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Thursday, March 8, 2012

Plant Profile: the Ghost Orchid


Figure 1. Ghost orchid flower.
Picture Credit – M.Fournier HBI.
http://en.wikipedia.org/wiki/File:Ghost_Orchid.jpg  
 This post is one of a series from Botany professor Nisse Goldberg's students at Jacksonville University. Student authors: Danielle D’Amato, Shanda Larson, Rachel FrankCommon Name:

American Ghost Orchid
Scientific Name: Dendrophylax lindenii

Kingdom: Plantae
Division: Magnoliophyta
Class: Liliopsida
Order: Orchidales
Family: Orchidaceae
Genus: DendrophylaxSpecies: Dendrophylax lindenii

Orchids are the largest family of flowering plants. With over 30,000 species of orchids found in just about every part of the planet. While most plants are rooted in the soil, orchids can grow “in the air” with their aerial roots attached to rocks and tree trunks. Found almost exclusively in southern Florida, Haitian, and Cuban swamps, these orchids grow best in high humidity and still air.

Dendrophylax lindenii or American ghost orchid is one of the most famous of the orchids that grow in the United States. It is known as the ghost orchid because the flower can appear to be floating in the air, due to the roots blending so well with the tree. The numerous roots are generally greyish-green with white marking and radiate from the base of the plant. Unlike many other orchids, the ghost orchid is leafless, leading researchers to believe that photosynthesis may occur in the roots.

Dendrophylax lindenii is an epiphyte, meaning that it is a plant that can be found growing on living plants or plant matter, like the occasional dead tree trunk. Normally ghost orchids are found attached to the trunks of pop ash or pond apple trees, but have also been seen on some cypress, live oak, and royal palm trees.

Each ghost orchid can bloom one to ten flowers that open one at a time from May to September; each flower can last up to two weeks. The white flowers are up to 5 centimeters across and 10 centimeters long. The flower itself has three green sepals, two green petals, and one larger white petal. This lip or labellum forks at the end, resembles the back legs of a jumping frog due to the elongated tips twisting slightly downward (Figure 1).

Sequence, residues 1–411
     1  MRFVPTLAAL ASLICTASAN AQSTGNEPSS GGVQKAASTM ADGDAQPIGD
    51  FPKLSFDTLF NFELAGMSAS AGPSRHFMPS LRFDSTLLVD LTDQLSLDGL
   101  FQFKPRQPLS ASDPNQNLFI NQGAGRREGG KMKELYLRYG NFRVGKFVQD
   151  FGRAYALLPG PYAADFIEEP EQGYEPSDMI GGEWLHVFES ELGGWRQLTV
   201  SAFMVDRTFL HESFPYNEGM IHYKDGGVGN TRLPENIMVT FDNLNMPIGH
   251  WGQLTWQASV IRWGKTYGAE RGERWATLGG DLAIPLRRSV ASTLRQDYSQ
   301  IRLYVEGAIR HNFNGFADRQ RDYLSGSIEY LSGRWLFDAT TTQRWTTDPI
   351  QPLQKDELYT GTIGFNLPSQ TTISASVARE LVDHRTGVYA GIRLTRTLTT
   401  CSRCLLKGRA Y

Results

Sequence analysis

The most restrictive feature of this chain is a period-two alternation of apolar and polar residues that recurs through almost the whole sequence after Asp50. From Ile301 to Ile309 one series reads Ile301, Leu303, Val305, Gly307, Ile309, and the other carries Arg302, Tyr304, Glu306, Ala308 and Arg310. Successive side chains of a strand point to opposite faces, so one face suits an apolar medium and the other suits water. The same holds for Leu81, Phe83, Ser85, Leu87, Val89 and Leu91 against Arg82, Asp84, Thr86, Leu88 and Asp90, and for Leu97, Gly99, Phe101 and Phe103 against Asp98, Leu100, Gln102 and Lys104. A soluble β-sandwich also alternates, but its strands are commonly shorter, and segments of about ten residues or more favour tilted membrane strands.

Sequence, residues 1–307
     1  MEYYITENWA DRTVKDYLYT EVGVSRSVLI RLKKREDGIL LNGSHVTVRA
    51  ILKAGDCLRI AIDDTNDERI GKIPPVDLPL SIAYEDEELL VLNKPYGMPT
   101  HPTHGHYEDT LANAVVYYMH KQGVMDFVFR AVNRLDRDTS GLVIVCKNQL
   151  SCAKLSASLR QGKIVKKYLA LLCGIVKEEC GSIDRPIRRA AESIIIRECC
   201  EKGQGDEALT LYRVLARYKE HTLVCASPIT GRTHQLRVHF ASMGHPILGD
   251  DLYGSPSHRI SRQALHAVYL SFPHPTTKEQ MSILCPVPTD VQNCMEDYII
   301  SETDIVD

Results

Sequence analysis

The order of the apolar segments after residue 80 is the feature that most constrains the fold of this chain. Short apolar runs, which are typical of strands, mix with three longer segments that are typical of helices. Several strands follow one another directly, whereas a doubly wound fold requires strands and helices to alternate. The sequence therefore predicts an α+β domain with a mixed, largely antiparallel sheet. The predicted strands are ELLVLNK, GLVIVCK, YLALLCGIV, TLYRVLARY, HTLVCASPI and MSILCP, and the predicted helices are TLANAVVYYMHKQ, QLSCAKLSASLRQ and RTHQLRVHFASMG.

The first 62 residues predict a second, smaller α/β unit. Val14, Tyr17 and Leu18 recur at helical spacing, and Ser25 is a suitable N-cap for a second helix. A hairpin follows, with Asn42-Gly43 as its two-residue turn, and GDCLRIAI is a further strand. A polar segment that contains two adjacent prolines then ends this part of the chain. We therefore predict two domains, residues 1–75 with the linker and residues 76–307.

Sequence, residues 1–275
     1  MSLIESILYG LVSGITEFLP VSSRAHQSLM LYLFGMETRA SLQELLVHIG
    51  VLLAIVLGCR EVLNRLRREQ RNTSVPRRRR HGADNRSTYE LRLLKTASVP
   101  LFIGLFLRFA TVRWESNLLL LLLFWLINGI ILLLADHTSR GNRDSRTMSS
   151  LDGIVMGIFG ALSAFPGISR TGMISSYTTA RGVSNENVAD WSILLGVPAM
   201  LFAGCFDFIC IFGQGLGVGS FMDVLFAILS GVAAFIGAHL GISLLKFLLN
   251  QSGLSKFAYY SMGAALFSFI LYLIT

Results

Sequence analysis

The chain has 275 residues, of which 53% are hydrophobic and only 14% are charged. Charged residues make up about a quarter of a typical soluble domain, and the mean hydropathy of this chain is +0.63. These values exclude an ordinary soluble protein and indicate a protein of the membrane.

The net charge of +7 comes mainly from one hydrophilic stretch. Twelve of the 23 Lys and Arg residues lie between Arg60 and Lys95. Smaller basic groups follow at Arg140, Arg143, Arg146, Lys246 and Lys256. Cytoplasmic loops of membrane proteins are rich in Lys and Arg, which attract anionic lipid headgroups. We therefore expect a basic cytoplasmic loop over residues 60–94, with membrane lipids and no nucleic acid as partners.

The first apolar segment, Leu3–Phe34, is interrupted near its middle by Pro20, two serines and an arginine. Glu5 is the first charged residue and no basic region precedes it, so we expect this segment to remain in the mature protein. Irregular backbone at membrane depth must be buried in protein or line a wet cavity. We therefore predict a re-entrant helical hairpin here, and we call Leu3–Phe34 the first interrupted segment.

Figure 2. Giant sphinx moth, showing long proboscis.
Picture credit: Esculapio.
http://en.wikipedia.org/wiki/File:NHM_Xanthopan_morgani.jpg



The major pollinator for these plants is the giant sphinx moth, which is the only local insect with a long enough proboscis (Figure 2). During hot and humid summer nights, the flower emits a strong apple-like scent to attract the moth. As these moths feed on the nectar, they pick up pollen on their heads and carry it to the next orchid. Seeds are produced 10-12 months after pollination.

The rare ghost orchid is listed as an endangered species, protected by both state and federal laws from unauthorized collection. The primary reason for the ghost orchid becoming endangered is due to humans poaching the plant. Climate change is another reason for the orchid’s decline. Florida has been experiencing freezes in the winter, and this affects the orchid’s growth. Approximately 2,000 Dendrophylax lindenii are thought to exist in Florida today. Ghost orchids can be purchased from authorized venders, but growing a seedling can be challenging.

It is possible to go and see these plants in their natural environment by visiting areas such as Big Cypress Swamp, the Fakahatchee Swamp, and the Corkscrew Swamp Sanctuary located near Naples, FL.


Bibliography